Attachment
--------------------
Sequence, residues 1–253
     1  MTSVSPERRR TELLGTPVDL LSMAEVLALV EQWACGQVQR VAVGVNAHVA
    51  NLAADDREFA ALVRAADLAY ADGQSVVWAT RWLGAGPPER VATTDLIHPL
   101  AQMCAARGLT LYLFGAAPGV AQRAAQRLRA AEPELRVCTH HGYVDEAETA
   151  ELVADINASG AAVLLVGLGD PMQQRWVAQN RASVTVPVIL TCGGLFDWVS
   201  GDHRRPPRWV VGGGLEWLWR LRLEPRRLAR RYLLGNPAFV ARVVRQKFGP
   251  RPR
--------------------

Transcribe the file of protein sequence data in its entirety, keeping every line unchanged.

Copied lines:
Sequence, residues 1–253
     1  MTSVSPERRR TELLGTPVDL LSMAEVLALV EQWACGQVQR VAVGVNAHVA
    51  NLAADDREFA ALVRAADLAY ADGQSVVWAT RWLGAGPPER VATTDLIHPL
   101  AQMCAARGLT LYLFGAAPGV AQRAAQRLRA AEPELRVCTH HGYVDEAETA
   151  ELVADINASG AAVLLVGLGD PMQQRWVAQN RASVTVPVIL TCGGLFDWVS
   201  GDHRRPPRWV VGGGLEWLWR LRLEPRRLAR RYLLGNPAFV ARVVRQKFGP
   251  RPR